|“Our musician was on his way to a wedding in a village outside Gao, his car laden with instruments and equipment. At the checkpoint he was ordered to step down from his car by a MUJAO militiaman who then proceeded to search it. All the instruments are taken out and piled up by the side of the road; guitars, teherdent, amps, speakers, calabashes. The pile was doused in petrol and set alight. The musician was too scared to shout out, or cry, or flee. There were guns everywhere. He just stood and watched as his livelihood went up in flames. If he made a scene or showed any emotion, he knew that his own life would be in danger.”|
EXTRACTS FROM THE BOOK:
Support to musicians
The income from sales of this book will support Freemuse in its work to help musicians who suffer persecution, discrimination or imprisonment around the world.
For more information, press enquiries and review copies, please contact: email@example.com
Nigel Williamson’s review of ‘Music, Culture & Conflict in Mali’ – SONGLINES, September 2013
September 3, 2013
It was a small consolation, but one of the few positives to come out of the occupation of the northern two-thirds of Mali by armed jihadist groups in 2012 was the informed analysis of Andy Morgan. At the height of the crisis, Morgan seemed ubiquitous in the western media – on radio, television and in print. While talking heads from American foreign policy institutes revealed that there’s nothing more ignorant than a wonk pontificating about places they’ve never been, Morgan, as the former manager of Tinariwen turned acclaimed writer, was able to offered a rare combination of inside knowledge and journalistic objectivity, informed by a deep and genuine love for Mali, its people and its music.
Now his writing on the crisis has grown into a book (originally intended as a pamphlet). Morgan details the background and context to the Salafist takeover of an area larger than the combined territories of France and the UK. He untangles the complex web of the different groups involved, and explains how the Tuareg liberationist movement MNLA was hijacked by the Islamist militia Ansar ud-Dine. His political analysis is detailed and comprehensive, tracing how the conflict had its roots in fifty years of Tuareg rebellions, as well as the legacy of events such as the Algerian civil war of the 1990s and the overthrow of the Gaddafi regime in Libya.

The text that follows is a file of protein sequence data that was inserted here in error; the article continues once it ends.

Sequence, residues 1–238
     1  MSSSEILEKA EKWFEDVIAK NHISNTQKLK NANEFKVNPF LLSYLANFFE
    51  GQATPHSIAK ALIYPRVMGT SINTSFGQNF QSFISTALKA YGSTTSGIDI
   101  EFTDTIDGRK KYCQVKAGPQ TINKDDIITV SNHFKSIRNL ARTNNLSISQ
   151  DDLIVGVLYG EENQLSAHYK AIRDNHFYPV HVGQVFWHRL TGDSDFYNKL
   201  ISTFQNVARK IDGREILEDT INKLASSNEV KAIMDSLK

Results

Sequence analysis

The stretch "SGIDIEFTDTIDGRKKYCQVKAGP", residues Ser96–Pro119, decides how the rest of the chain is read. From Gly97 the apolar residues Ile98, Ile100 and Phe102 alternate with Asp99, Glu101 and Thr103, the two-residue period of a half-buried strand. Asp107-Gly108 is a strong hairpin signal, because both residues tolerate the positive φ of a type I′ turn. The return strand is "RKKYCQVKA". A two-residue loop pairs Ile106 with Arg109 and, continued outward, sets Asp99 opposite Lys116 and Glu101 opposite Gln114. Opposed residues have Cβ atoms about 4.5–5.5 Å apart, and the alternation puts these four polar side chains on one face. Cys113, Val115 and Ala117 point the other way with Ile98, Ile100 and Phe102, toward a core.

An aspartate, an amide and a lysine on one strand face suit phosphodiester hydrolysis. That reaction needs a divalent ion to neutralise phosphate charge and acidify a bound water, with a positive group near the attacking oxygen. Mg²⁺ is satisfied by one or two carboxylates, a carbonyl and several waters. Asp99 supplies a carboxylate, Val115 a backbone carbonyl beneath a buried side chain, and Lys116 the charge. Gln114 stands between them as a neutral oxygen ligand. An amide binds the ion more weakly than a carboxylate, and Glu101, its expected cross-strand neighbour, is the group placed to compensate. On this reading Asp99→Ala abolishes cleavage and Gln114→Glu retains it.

But, as you would expect from a publication commissioned by Freemuse, the campaigning organisation dedicated to freedom of musical expression around the world, the main tune of the book is the impact of the crisis on Malian culture. Morgan’s sharp analysis is supported by plenty of first-hand evidence, including accounts of how the music ban was brutally applied under shari’a law. There are also interviews with Bassekou Kouyate,Vieux Farka Toure, Toumani Diabate, Rokia Traore and members of the Tuareg bands Terakaft, Tartit and Tinariwen.
His final chapter is required reading, a tour de force of both profound humanity and intellectual clarity, as he describes how even after the jihadists were expelled in early 2013, fear and paranoia still stalk northern Mali. But his ultimate message is one of cautious hope, as he sees Malian cultural life emerging from the puritanical, doctrinaire war waged upon it ”with a greater sense of defiance and honed purpose.”
(c) Nigel Williamson / Songlines 2013